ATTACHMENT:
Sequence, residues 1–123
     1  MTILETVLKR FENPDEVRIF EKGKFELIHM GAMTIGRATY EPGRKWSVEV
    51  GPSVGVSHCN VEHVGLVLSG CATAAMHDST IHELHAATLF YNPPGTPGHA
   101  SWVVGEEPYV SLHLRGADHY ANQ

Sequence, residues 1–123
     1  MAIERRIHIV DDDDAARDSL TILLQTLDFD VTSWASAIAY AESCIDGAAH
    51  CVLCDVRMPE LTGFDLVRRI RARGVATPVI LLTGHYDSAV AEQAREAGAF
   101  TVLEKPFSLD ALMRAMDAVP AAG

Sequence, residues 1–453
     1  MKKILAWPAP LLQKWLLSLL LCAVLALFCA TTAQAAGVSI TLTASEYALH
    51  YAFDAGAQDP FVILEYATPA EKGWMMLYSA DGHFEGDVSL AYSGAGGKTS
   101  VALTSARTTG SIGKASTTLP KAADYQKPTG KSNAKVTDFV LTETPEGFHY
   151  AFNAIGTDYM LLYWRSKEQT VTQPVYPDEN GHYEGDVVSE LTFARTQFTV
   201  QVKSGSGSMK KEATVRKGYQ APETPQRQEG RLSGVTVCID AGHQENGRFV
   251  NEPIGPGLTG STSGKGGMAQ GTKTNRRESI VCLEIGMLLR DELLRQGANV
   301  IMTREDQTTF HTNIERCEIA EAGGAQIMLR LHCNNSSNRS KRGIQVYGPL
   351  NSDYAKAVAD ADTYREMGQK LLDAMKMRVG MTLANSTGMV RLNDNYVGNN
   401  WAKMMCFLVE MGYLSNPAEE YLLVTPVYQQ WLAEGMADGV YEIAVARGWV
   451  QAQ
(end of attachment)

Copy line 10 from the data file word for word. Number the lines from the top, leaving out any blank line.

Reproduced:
     1  MKKILAWPAP LLQKWLLSLL LCAVLALFCA TTAQAAGVSI TLTASEYALH